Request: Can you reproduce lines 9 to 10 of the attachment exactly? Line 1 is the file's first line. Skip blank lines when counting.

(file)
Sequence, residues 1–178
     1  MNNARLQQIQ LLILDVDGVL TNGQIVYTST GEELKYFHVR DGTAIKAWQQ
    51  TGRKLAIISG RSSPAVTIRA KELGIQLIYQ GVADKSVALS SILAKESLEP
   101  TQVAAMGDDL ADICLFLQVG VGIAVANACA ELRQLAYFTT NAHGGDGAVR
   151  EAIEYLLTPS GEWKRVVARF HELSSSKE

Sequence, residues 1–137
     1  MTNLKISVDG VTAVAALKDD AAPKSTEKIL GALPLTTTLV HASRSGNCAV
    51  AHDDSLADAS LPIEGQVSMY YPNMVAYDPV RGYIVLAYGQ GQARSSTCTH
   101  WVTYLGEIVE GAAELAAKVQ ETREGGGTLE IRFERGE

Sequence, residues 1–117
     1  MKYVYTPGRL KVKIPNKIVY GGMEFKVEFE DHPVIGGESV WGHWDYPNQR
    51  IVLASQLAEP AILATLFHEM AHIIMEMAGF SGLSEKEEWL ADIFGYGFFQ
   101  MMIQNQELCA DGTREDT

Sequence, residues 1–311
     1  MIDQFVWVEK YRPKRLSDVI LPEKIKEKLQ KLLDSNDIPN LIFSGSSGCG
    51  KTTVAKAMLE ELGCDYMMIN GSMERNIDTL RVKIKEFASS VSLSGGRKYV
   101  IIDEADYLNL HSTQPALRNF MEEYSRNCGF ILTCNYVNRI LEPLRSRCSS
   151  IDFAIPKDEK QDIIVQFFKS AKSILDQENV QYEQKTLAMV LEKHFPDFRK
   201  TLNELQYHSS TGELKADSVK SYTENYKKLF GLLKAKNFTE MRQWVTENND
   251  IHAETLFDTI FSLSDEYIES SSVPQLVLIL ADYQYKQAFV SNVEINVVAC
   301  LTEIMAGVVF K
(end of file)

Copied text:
   101  WVTYLGEIVE GAAELAAKVQ ETREGGGTLE IRFERGE

Sequence, residues 1–117